TWA Tips: Growing Out Short Natural Hair

Hello lovelies!

This week I’d thought that I would share some of the crazy things that have happened since I ‘went natural.’ My friend, on the other hand, was busy planning, packing and buying my ticket for the guilt trip she was about to take me on. Hehehe. (I still love you though). She said people with TWAs (teeny weeny afros) are sidelined: that we don’t cater to them. So, in my haste, I said I’d dedicate this week’s post to people with short hair. Let’s just say that I instantly regretted it….. Don’t give me that side eye.

I try to be honest. Therefore, in the spirit of honesty, I should say that I’ve not had super short hair for a while so I’m not an authority on what to do or avoid. However, you know how when people are in a relationship they often only see their version of things? On the other hand, someone who’s on the outside looking in is able to see some aspects that the two people in the relationship might not see or choose to overlook? Sometimes perspective from an ‘outsider’ helps. So perhaps this won’t be a waste of time and you’ll learn something you can use after your big chop, whether you’ve already done it or you’re thinking of doing it.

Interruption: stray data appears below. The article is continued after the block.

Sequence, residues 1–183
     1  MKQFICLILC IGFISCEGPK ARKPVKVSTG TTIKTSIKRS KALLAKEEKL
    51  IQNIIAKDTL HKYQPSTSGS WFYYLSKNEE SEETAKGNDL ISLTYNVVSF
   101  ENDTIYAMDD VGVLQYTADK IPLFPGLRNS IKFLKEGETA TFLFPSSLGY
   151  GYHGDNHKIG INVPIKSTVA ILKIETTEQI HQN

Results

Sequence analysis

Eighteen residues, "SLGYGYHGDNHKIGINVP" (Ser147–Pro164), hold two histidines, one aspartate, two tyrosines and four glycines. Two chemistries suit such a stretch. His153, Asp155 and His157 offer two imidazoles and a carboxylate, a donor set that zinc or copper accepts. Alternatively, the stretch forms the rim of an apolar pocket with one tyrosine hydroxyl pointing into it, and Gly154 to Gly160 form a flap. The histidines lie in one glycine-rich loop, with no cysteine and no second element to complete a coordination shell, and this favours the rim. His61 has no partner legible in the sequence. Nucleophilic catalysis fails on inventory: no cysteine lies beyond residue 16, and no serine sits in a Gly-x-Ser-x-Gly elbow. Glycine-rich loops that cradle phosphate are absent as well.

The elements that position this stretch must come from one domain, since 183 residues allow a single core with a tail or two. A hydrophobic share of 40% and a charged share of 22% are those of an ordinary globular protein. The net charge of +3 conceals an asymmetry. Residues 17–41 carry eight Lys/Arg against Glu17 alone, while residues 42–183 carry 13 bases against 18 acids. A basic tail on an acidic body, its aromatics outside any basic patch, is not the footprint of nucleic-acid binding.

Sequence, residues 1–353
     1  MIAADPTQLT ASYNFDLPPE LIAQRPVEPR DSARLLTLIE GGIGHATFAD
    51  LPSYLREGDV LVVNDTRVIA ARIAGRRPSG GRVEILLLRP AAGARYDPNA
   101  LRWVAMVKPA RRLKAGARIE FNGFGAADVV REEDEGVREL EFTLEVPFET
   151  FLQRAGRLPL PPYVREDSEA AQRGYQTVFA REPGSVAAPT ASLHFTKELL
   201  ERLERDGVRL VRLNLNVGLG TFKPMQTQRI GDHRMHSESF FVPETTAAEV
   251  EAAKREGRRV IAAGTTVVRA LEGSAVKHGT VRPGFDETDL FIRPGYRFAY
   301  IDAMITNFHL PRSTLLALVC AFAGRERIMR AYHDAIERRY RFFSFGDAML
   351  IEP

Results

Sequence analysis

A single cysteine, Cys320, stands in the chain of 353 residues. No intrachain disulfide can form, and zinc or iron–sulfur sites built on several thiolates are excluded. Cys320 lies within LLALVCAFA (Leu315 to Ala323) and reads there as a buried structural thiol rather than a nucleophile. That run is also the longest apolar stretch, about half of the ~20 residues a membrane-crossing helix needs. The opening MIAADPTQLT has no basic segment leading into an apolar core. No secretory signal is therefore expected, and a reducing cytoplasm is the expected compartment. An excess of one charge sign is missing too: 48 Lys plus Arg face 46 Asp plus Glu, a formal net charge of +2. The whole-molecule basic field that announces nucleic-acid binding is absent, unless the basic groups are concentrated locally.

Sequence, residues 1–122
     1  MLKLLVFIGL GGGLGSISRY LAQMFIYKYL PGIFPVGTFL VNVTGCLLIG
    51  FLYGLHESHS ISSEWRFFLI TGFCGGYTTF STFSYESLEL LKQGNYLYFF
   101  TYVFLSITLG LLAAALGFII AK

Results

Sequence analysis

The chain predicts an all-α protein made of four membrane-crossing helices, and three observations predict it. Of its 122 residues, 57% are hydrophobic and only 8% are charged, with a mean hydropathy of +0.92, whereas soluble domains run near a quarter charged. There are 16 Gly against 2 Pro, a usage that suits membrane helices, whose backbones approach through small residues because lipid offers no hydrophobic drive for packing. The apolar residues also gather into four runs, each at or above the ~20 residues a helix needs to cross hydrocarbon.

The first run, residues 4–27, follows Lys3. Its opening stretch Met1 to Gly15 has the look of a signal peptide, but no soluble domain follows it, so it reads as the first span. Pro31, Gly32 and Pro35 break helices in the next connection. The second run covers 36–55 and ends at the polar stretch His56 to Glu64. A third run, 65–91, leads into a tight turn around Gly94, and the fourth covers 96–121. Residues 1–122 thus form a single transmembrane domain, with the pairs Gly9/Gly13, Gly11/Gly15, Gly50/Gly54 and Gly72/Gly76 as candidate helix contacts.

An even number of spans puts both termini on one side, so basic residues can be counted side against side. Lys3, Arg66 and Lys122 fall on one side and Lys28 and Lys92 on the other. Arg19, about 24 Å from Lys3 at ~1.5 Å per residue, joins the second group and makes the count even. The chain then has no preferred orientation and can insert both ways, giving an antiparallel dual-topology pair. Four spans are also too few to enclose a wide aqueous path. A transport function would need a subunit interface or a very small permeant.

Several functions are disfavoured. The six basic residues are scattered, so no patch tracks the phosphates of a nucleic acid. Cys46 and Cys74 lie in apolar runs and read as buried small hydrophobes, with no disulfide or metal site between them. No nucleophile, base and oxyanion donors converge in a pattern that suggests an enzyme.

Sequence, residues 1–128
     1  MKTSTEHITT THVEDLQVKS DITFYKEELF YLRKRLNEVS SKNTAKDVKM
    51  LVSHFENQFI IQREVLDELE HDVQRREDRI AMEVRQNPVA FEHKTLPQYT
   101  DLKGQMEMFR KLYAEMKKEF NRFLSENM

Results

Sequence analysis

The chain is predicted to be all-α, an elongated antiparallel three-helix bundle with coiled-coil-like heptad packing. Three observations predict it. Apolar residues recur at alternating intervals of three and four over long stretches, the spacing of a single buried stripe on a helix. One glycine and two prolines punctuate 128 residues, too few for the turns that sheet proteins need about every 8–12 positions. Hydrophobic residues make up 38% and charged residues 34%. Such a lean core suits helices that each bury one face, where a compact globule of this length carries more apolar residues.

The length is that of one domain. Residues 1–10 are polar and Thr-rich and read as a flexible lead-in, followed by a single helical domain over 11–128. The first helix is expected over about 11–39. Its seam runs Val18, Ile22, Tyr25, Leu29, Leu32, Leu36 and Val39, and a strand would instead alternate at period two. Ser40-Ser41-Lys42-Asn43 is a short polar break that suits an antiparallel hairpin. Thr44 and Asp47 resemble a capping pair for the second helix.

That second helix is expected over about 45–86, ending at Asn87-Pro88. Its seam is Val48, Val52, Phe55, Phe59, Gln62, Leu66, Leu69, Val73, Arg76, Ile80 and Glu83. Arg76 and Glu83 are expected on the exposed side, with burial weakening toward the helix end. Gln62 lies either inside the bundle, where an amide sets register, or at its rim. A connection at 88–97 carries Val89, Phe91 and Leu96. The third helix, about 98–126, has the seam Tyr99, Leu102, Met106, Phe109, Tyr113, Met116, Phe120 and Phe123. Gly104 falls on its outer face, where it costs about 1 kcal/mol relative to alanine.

If you’re not new to the blog, then you already know that I’ve become a hair regimen advocate of late. I preach it anytime I get the opportunity. I mentioned it here as we copped up to the trends that we need to leave in 2017. The first thing that you definitely need, if you want to see any progress, is a regimen.  It doesn’t need to be complicated. You only need to have some sort of simple ‘timetable’ on how you take care of your hair. For those who may feel out of depths about the regimen, don’t sweat it. I will be sharing mine soon and hopefully you can borrow a few things, sio?